Downtown Alliance asks city for account servicing
By Clint Confehr
Senior Staff Writer
An association of property owners and merchants working to improve Lewisburg's public square has been awarded a $15,000 state grant to reimburse spending on several projects.
To proceed with plans, the Lewisburg Downtown Alliance needs the city, as a sponsoring entity, to receive receipts for expenses so bills could be forwarded to Tennessee which would draw down grant monies to pay project costs.
Projects include placement of "way-finding signs" that would help motorists travel to places of interest in Lewisburg such as the farmers market, a Civil War site or another notable place. Development of one of the vacant lots on the square into a mini-park is another proposal. Development and maintenance of an Internet Web site is another proposal to draw attention to the city's square.
Given the nature of the refundable grant accounting, Councilman Ronald McRady suggested that City Attorney Steve Broadway examine the grant documents. He noted that it appears to permit spending of money that is then paid back to the city.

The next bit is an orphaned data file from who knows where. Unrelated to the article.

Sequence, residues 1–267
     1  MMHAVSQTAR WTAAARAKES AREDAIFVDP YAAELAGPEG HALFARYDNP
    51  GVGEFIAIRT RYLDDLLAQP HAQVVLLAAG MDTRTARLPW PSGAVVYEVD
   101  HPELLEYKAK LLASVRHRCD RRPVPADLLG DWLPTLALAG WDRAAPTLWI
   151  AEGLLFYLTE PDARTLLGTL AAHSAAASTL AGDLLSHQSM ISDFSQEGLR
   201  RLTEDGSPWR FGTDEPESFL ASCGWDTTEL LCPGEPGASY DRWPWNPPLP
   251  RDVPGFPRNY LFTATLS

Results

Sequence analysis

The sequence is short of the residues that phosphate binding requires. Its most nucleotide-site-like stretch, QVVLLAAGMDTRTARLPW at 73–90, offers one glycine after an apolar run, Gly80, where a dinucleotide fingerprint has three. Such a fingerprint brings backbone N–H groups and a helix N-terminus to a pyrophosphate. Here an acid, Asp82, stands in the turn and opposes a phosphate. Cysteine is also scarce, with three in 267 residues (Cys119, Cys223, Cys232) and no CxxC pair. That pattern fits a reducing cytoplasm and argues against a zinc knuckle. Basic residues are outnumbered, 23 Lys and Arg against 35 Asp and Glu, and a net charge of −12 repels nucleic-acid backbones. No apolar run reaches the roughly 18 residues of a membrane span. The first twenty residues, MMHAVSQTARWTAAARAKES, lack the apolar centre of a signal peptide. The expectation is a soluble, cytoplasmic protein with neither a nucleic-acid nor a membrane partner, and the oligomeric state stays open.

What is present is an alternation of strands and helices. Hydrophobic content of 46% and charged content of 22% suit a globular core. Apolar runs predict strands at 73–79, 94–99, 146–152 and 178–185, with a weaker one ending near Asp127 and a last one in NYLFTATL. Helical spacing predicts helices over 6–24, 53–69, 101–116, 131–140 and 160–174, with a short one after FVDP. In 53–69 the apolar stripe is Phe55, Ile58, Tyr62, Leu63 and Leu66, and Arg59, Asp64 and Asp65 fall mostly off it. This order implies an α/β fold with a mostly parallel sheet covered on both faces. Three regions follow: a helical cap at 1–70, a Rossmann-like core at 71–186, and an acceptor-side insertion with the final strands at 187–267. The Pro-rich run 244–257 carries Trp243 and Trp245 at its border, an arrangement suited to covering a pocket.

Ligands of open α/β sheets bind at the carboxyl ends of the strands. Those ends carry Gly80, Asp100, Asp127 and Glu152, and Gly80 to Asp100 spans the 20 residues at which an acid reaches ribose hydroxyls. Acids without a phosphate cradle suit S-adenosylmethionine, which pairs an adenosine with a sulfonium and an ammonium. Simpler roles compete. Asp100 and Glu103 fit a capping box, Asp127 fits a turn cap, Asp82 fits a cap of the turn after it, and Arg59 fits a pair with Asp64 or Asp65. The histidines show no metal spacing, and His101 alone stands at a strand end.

Drawing money down from an established state account - established with grant money - is not unusual, but discussion during the council's November meeting did not delve into the intricate nature of grant accounting.
"It must be legal because the Tennessee Department of Economic and Community Development set it up," said Leland Carden, president of the LDA.
Since the council suspended its rules to hear Carden's report - a step taken because the grant wasn't verified in time for publication of the council's agenda - Mayor Barbara Woods suggested that the matter be placed on the agenda for the council's Dec. 13 meeting.
The LDA meets every third Tuesday night of the month, or one week after the council meeting.
Also during the Nov. 8 meeting, Carden told councilmen that the O'More College of Design in Franklin is taking steps toward having another summer class in Lewisburg such as one held here three and a half months ago. The class is called Studio on the Square.
"They have a professor who proposes to come back next summer," Carden told the council.
Design students draft plans for building renovation and then present their ideas to an audience of property owners, tenants and area business and government leaders.
Last summer one of the designs was for a mini-park using one of the two vacant lots on the square. It's one of the projects that would be funded with money provided through the Tennessee Department of Economic and Community Development.